Known as one of the most prolific female poets of all time, Maya Angelou was more than just a great wordsmith. She was a talented artist, a determined activist, and a hero to women across the globe.
Born Marguerite Johnson in St. Louis, Missouri, Maya got her name from her elder brother Bailer Jr., who derived it from “Mya Sister.” At three, she and her then-four-year-old brother were sent on a train to Arkansas to live with their grandmother after their parents separated. Four years later, her father turned up unexpectedly and returned them to their mother in St. Louis. At eight, she was raped by her mother’s then-boyfriend, Freeman. Four days after he was released from a one-day jail sentence, he was murdered. The trauma caused Maya to become mute for five years, and she and her brother were returned to their grandmother in Arkansas.
In her period of silence, Maya came to know a teacher who became a family friend, Mrs. Bertha Flowers, whom she would credit with helping her regain speech. Sometime during those five years, Maya’s interest in literature grew immensely after Flowers introduced her to Charles Dickens, William Shakespeare, Edgar Allan Poe, and other authors.
She took on various jobs, including some in the sex trade, which raised some issues later on in her life. However, Maya openly talked about her experiences, saying that young people should be allowed to think that adults make mistakes too. She wrote about her experiences as a sex worker in Gather Together in my Name.
In 1951, Maya married an aspiring Greek musician named Tosh Angelos, to whom she was married for three years despite societal discrimination on interracial marriages. Around this time, she also took classes in modern dance. She and Alvin Ailey formed a dance team, Al and Rita, and performed throughout San Francisco. Maya moved to New York with her husband and son Clyde to study African dance with Pearl Primus, but they returned to San Francisco a year later.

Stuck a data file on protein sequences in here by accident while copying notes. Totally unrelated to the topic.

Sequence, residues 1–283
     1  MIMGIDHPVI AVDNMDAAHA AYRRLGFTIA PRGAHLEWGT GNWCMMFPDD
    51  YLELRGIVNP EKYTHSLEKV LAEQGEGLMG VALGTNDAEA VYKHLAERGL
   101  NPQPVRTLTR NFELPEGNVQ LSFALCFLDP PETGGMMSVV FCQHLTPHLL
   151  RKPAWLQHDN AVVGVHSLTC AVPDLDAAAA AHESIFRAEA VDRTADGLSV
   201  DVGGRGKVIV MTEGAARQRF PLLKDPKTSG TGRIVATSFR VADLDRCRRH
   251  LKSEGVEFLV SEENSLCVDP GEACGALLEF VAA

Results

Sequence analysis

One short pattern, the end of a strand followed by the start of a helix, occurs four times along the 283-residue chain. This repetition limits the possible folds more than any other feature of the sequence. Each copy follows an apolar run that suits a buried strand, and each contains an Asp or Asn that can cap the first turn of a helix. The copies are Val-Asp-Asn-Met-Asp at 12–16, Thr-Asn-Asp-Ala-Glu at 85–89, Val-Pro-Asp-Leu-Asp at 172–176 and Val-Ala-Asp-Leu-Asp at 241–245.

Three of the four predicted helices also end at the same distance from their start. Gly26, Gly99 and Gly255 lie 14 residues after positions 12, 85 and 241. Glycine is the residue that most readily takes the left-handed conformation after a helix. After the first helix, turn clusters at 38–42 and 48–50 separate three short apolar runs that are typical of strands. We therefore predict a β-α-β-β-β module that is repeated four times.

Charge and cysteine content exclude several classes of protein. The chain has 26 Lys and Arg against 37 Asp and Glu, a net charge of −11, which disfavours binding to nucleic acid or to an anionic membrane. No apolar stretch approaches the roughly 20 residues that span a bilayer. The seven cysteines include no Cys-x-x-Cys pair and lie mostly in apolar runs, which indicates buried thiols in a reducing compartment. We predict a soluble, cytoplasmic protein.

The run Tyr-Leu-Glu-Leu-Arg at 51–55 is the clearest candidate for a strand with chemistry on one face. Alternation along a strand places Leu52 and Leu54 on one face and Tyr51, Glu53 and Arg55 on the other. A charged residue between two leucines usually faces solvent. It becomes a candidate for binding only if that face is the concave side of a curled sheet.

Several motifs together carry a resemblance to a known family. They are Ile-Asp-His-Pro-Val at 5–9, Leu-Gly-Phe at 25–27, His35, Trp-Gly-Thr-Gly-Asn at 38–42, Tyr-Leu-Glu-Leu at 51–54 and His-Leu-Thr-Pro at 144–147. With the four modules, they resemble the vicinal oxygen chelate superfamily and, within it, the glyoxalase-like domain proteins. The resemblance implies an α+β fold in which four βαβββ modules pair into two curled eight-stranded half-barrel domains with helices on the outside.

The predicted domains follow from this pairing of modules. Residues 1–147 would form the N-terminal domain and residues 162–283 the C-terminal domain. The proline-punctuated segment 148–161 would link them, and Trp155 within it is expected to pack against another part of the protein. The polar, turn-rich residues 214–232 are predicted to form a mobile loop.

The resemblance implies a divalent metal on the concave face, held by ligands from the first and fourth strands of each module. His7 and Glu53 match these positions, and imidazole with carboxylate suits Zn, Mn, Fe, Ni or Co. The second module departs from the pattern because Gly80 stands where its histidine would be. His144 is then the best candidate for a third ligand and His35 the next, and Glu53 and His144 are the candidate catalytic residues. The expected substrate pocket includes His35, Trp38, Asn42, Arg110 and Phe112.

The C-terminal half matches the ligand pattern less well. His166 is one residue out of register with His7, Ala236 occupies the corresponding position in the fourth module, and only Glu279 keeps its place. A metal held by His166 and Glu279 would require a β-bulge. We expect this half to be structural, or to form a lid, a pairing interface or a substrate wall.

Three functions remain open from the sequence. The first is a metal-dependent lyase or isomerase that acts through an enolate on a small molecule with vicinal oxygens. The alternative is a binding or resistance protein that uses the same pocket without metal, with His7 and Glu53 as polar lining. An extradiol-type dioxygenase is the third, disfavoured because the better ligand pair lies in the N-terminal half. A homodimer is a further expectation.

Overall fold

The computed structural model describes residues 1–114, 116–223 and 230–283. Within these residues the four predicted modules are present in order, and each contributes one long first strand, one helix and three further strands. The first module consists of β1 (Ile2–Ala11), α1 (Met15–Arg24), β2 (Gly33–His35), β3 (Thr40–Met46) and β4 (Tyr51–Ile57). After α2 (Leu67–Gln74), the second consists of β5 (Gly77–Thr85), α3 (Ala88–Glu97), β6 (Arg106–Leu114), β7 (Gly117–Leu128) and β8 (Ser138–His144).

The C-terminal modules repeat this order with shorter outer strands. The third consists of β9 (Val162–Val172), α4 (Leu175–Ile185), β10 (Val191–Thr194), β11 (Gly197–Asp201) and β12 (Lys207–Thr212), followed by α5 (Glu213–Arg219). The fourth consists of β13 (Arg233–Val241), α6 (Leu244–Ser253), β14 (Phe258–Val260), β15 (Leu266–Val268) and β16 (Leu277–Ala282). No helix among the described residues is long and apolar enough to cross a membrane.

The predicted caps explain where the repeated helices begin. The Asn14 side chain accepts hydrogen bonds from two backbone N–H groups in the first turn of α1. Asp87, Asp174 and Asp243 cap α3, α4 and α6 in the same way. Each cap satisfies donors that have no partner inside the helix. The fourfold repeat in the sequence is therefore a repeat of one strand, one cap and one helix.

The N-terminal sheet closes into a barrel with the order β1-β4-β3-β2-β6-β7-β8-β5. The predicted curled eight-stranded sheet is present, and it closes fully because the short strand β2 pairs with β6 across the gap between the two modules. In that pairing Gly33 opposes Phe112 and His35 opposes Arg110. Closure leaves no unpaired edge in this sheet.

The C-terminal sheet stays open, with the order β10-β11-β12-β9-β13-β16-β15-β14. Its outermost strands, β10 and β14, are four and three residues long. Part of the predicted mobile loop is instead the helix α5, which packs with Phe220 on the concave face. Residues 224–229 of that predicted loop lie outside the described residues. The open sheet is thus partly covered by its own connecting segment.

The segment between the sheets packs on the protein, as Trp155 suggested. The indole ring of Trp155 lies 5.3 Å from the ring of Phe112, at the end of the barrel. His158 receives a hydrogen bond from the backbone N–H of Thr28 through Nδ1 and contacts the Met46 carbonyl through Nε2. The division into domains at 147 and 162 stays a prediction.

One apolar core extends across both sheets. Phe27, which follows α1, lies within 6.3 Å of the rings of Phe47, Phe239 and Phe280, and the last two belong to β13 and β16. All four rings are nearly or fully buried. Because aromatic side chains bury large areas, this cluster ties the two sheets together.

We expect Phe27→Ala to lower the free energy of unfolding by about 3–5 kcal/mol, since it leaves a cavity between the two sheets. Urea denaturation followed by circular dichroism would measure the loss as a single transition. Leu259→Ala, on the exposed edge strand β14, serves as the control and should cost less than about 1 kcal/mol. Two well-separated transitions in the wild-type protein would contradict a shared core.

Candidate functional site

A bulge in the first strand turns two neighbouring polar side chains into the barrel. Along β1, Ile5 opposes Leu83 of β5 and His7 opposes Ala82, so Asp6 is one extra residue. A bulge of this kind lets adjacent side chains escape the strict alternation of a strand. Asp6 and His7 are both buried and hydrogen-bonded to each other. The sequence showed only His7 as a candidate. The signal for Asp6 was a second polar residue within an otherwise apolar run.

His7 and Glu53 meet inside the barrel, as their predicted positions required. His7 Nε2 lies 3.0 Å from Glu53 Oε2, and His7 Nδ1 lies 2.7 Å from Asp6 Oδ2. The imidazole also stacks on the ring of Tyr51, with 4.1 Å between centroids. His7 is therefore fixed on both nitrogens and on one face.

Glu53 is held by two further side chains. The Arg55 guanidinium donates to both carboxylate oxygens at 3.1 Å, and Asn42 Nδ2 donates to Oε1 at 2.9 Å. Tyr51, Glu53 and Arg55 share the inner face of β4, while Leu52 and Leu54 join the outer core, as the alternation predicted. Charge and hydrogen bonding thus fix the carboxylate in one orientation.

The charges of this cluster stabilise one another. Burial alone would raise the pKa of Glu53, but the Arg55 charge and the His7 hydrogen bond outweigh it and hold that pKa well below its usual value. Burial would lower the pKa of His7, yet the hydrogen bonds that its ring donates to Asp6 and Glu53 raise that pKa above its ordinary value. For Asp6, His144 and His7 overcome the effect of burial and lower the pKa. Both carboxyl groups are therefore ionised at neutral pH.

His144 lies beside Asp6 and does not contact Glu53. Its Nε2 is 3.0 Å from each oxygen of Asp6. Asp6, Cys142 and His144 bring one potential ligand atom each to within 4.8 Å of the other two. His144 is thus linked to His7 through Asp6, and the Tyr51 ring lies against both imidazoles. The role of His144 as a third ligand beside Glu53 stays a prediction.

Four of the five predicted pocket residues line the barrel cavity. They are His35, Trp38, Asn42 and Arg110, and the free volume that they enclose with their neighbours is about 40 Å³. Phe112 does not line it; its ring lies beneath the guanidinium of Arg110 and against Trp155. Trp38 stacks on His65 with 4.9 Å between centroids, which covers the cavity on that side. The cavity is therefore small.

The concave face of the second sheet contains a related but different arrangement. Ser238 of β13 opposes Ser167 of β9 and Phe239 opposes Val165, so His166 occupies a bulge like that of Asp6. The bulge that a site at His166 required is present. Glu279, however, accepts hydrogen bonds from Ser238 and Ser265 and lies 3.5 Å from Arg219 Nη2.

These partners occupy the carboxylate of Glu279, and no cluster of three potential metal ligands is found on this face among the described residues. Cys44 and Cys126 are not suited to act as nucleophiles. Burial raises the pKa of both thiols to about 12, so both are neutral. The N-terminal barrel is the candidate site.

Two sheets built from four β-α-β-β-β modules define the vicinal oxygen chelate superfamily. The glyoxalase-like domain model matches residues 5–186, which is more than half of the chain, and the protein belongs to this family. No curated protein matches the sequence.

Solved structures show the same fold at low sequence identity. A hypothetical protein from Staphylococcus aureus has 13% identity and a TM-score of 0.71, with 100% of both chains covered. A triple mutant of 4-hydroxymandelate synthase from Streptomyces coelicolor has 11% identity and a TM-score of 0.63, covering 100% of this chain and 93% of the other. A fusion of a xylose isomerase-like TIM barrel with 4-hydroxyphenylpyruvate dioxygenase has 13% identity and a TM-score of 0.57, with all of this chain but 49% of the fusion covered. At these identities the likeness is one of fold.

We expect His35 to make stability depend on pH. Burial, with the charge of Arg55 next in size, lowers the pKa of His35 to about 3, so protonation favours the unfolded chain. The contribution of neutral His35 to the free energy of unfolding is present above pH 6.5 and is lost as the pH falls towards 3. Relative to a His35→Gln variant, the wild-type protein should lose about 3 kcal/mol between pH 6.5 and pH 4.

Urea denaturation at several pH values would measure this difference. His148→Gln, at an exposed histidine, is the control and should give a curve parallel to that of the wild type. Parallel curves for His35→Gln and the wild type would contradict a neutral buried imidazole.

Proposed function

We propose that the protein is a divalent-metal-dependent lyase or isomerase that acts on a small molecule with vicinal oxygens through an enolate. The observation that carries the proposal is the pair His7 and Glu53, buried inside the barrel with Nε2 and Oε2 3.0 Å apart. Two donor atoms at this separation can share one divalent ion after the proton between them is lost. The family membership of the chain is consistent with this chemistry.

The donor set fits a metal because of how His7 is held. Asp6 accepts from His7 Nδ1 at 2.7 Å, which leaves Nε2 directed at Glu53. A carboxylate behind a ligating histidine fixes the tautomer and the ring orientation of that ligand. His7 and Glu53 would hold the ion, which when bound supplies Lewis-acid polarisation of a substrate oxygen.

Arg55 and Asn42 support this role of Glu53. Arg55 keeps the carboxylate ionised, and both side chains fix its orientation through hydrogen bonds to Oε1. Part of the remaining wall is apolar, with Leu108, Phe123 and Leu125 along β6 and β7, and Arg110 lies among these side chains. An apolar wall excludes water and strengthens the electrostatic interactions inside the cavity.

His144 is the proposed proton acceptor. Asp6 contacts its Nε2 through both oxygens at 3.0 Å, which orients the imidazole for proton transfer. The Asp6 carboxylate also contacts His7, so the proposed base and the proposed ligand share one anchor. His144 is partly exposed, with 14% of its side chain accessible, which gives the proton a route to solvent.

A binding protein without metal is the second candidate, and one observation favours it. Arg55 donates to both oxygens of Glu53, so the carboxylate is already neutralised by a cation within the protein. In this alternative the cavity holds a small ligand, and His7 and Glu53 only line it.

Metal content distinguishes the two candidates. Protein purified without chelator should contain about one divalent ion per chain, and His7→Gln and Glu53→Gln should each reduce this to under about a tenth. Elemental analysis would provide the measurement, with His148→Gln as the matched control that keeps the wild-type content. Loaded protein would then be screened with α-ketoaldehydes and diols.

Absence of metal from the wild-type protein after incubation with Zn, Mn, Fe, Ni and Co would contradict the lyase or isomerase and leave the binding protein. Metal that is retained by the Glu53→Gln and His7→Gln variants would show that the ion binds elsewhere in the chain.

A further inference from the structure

After her divorce, Maya continued her professional dancing career in San Francisco, where she took the stage name Maya Angelou. Other than dancing professionally, she also toured in Europe with a production of Porgy and Bess and recorded an album titled Miss Calypso.
In 1959, Maya moved to New York to focus on her writing career. She joined the Harlem Writers Guild and met several African American authors such as Rosa Guy, Paule Marshall, John Henrik Clarke, and Julian Mayfield.
She and her son moved to Cairo in 1961, where Maya worked for The Arab Observer, a weekly English-language newspaper. A year later, they moved to Ghana so Clyde, who had changed his name to Guy, could attend college. They stayed longer than expected after Guy was injured in a car accident. While in Ghana, Maya was a feature editor for the African Review, a freelance writer for the Ghanaian Times, and a writer-broadcaster for Radio Ghana.
She returned to the United States with her son in 1965 and became more involved with advocating for civil rights after meeting and befriending Malcolm X before he was assassinated. She wrote briefly in Los Angeles and moved to New York in 1967, where she wrote plays. In 1969, Maya wrote her first autobiography, I Know Why the Caged Bird Sings, which brought her international recognition. Caged Bird eventually became Maya’s most prolific work, a piece that allowed women and people of color to step forth and place themselves as the protagonists of stories.
Other than her autobiographies, Maya wrote countless essays and poetry. Some of her poetry collections include A Brave and Startling Truth (1995), Wouldn’t Take Nothing for My Journey Now (1993), and I Shall Not be Moved (1990). One of her poetry collections, 1971’s Just Give Me a Cool Drink of Water ’fore I Diiie, was nominated for a Pulitzer Prize. In 1993, she was invited to recite her poem “On the Pulse of Morning” at the inauguration of Pres. Bill Clinton. She even wrote songs for Roberta Flack, as well as several movie and television scores. Her final autobiography, Mom & Me & Mom, was published in 2013.
Over the course of her career, she received dozens of awards and over fifty honorary degrees. In 2010, Maya Angelou was presented the Presidential Award of Freedom by Pres. Barack Obama. She died in 2014, leaving behind a legacy of relevant and inspiring works sure to influence generations to come.
You may write me down in history
With your bitter, twisted lies,
You may trod me in the very dirt
But still, like dust, I’ll rise.
This March, 1-Hour Proofreading celebrates Women’s Month. We salute writers like Maya Angelou, who have become inspirations to women and girls across the world.
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